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Full text of "Byzantine Churches In Constantinople"

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THE church of S. Mary of the Mongols (r&v T&V M.ovyov\ta>v9 rot) Mov^XioCj Moi/^XM0T£crcr&), which stands on the heights above the quarter of Phanar, a short distance to the west of the Greek Communal School, was founded
in the thirteenth century by Maria Palaeologina, a natural daughter of the Emperor Michael Palaeologus (1261-1282). As the church has been in Greek hands ever since its foundation its identity cannot be disputed. The epithet given to the Theotokos in association with this sanctuary alludes to the fact that Maria Palaeologina married a Khan of the Mongols,1 and bore the title of Despoina of the Mongols (&e<nroiva r&v Moi;<yot>7uW).2 The marriage was prompted by no romantic sentiment, but formed part of the policy by which her father hoped to secure the goodwill of the world for the newly restored Empire of Constantinople. While endeavouring to disarm the hostility of Western Europe by promoting the union of the Latin and Greek Churches, he sought to conciliate the people nearer his dominion by matrimonial alliances with their rulers. It was in this way that he courted, with greater or less success, the friendship of Servia, Bulgaria, the Duchy of Thebes, and the Empire of Trebizond. And by the same method he tried to win the friendship of the formidable Mongols settled in Russia and Persia. Accordingly he bestowed the hand of one natural daughter, Euphrosyne, upon Nogaya,3 who had established a Mongolian principality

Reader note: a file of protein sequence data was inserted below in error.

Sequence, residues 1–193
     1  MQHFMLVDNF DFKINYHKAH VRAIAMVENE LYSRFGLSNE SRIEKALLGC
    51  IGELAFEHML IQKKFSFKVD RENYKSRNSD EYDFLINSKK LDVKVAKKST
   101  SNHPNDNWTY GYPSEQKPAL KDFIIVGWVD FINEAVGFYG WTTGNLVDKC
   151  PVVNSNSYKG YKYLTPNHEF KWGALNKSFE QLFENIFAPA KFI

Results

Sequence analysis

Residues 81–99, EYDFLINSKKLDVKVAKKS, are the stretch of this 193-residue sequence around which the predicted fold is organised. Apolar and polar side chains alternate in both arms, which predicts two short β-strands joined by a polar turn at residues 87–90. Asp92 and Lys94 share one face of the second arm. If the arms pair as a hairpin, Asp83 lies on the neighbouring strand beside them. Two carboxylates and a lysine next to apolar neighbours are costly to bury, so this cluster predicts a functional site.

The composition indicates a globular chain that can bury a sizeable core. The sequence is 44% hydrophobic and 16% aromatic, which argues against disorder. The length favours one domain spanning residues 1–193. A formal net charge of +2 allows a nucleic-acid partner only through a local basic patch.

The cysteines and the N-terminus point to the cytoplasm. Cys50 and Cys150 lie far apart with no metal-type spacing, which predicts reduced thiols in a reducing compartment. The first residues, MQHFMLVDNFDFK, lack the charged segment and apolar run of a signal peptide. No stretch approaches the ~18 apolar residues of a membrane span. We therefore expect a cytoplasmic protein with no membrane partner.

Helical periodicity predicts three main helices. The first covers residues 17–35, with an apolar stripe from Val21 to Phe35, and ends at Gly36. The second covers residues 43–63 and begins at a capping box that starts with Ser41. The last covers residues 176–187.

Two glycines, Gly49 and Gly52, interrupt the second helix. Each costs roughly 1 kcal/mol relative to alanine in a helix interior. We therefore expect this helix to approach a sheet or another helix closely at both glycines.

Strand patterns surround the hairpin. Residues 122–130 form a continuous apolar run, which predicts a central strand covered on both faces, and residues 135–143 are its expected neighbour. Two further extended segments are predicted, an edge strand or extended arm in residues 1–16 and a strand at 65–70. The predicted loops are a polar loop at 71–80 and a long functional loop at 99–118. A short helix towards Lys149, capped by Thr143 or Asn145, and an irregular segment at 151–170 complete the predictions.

1 Pachym. i. pp. 174-75.           2 Ibid. ii. pp. 620-37,          3 Ibid. i. p. 231.